We have black men around here who are literally dying on the inside. Why? He wasn’t taught how to deal with his emotions properly. Now I feel like this goes back to the age of slavery when the black man had to be strong for his household. There were so many hardships in the time of black slavery and there was no time for any emotion to be shown. I feel like that attitude has become generational thing. The black man can’t show any emotion. He should be strong, sexual, masculine, hard, and emotionless to appease the black community. But still compliant, obedient, and unassertive when dealing with Amerikkka. Imagine. Having every reason to scream but not screaming because you’re not allowed to, because it’s not what your kind does, because it makes other people uncomfortable.

During the Civil Rights Movement, there was a tight bond the black community shared. Granted, there were two groups of black people during the movement (militant and civilly disobedient) but we were all fighting for the same cause. I bring that up because it’s the only time I can think of when we looked at our black men as brothers. Not as a penis, a wallet, or whatever else we may be needing at that time. By seeing them as brothers and friends, it’s easier to cater to their emotional and psychological needs. BY doing this I hope they would want to cater to ours as well.

Black men seriously need to start looking inside and learning about themselves. With all that’s going on in the world today, we, as black people, don’t have any room for not knowing ourselves. Not knowing what we have inside us and what it really means to be black and have such a rich ancestry. Black men you are more than your athletic ability, your money, your penis size, and your possessions. You aren’t a commodity, you’re a person, a black person. And that is something that needs to be considered, then once it’s considered, it needs to be understood. Once you understand it, then you need to celebrate it. The only flaw you have is not acknowledging and accepting them.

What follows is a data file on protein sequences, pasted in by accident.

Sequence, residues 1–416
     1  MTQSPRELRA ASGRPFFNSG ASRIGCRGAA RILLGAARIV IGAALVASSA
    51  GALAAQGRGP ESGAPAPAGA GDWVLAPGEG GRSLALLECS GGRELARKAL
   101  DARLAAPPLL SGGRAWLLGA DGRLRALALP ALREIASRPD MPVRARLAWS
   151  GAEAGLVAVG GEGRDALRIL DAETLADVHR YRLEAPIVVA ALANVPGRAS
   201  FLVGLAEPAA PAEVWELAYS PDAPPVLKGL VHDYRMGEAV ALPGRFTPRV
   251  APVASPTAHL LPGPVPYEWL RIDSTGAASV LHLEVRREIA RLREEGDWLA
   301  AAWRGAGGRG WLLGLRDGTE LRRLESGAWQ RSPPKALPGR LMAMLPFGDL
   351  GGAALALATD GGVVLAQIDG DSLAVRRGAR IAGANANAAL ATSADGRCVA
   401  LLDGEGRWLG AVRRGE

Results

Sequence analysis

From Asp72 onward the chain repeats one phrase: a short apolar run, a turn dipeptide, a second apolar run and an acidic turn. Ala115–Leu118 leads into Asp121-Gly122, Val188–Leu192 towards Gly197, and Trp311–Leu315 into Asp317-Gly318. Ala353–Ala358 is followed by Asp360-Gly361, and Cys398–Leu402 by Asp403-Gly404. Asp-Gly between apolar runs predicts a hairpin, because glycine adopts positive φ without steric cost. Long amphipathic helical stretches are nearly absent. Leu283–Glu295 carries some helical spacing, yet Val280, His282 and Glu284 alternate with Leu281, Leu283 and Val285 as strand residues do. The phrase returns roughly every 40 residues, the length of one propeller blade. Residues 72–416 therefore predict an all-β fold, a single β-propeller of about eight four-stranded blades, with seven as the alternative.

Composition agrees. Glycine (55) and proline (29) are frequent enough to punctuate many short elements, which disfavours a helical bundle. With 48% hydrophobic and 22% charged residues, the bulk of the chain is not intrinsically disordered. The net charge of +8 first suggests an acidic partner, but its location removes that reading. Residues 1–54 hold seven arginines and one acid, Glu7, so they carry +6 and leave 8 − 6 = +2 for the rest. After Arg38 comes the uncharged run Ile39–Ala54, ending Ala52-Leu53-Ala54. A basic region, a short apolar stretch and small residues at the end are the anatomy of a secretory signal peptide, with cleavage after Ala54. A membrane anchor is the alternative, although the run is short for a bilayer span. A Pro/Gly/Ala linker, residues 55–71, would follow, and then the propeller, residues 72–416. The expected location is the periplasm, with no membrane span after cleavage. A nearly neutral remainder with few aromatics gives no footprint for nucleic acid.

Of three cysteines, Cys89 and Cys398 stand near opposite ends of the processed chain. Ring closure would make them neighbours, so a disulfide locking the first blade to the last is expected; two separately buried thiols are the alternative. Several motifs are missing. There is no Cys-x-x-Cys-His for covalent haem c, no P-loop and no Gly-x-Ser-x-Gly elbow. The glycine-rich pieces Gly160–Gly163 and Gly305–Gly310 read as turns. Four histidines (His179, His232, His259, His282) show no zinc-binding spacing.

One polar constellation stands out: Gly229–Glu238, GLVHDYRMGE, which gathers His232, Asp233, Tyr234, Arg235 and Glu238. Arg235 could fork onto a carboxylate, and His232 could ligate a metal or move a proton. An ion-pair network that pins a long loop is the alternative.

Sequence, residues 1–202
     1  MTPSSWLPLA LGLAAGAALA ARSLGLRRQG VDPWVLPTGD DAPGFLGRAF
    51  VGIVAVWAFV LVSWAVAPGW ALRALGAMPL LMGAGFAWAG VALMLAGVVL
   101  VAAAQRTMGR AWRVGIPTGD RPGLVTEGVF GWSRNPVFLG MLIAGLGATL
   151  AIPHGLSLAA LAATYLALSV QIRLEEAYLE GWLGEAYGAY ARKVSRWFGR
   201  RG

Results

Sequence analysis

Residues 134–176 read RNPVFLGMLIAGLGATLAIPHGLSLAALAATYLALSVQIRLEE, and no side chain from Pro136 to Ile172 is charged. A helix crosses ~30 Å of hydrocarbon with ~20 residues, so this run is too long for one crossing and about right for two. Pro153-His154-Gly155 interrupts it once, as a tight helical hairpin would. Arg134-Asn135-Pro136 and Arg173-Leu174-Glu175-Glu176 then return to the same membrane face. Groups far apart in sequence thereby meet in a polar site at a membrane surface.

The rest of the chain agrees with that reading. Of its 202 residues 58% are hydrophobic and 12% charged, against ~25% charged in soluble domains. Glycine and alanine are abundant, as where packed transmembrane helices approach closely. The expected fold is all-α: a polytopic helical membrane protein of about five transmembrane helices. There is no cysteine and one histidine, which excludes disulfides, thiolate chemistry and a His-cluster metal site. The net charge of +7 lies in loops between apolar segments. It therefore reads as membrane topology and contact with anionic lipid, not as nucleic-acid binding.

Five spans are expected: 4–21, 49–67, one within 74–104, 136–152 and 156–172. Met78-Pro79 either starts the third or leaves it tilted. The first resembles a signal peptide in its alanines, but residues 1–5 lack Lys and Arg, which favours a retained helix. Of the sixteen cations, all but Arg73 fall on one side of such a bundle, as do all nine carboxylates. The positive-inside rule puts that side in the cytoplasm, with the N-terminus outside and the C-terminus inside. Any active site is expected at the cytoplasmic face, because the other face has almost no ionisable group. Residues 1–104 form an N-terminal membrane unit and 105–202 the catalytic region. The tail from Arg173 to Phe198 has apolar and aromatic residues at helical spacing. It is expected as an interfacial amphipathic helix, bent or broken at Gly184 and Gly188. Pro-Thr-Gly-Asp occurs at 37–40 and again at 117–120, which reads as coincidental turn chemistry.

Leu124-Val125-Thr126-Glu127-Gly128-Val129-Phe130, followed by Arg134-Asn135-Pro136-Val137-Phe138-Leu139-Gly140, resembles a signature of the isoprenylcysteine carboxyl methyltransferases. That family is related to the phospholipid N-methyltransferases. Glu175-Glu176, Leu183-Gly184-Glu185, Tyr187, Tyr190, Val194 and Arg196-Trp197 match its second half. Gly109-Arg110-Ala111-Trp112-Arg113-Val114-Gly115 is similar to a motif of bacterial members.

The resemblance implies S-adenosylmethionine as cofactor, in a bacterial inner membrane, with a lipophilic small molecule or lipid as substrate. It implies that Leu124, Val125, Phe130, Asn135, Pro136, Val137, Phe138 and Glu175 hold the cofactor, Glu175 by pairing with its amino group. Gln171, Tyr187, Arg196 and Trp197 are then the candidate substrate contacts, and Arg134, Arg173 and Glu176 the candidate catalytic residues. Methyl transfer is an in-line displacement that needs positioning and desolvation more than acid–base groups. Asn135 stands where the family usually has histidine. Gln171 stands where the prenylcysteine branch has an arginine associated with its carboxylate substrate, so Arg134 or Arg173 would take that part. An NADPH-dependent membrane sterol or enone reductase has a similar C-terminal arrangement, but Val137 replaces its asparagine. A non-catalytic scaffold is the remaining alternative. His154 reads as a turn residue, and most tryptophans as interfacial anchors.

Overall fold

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I’m a Christian and I’m Pro-Choice. Here’s why…

That title is pretty cringe-worthy, right?

There’s a huge misconception about people who are pro-choice. We’ve been branded “pro-abortion” and “baby killers” (even though I’ve never hurt a baby before). No one is PRO abortion! No one wants abortions, but some of us understand that in some cases it’s a necessity and that it isn’t our place to decide what someone else does with their life. As a Christian, I live by the good ol’ verse of Matthew chapter 7. For those of you who don’t know it is a chapter in Matthew that speaks specifically about judging others. I want to focus on verse 3, which says, “Why do you look at the speck of sawdust in your brother’s eye and pay no attention to the plank in your own eye?” So, believers? Why are we so quick to condemn women who make the decision to abort, knowing that it is probably one of the hardest decisions they’ll ever have to make? We all have our own demons and skeletons we are still asking God to forgive us for. He shows us so much compassion, but we can’t manage to do the same for these women. As believers, it’s our job to be a source of light for a person who’s struggling (2 Corinthians 2:7-8). I always hear “Oh no! I’m not judging, I’m just saying what the Bible says!” but, if you look at a woman with contempt and pure disgust after she says she’s had an abortion or she’s pro-choice, you are judging. If you treat people differently based on that decision they’ve made, you are judging. If you claim to be a Christian but at night you’re in comments harassing people and calling them everything BUT a child of God, you ARE judging!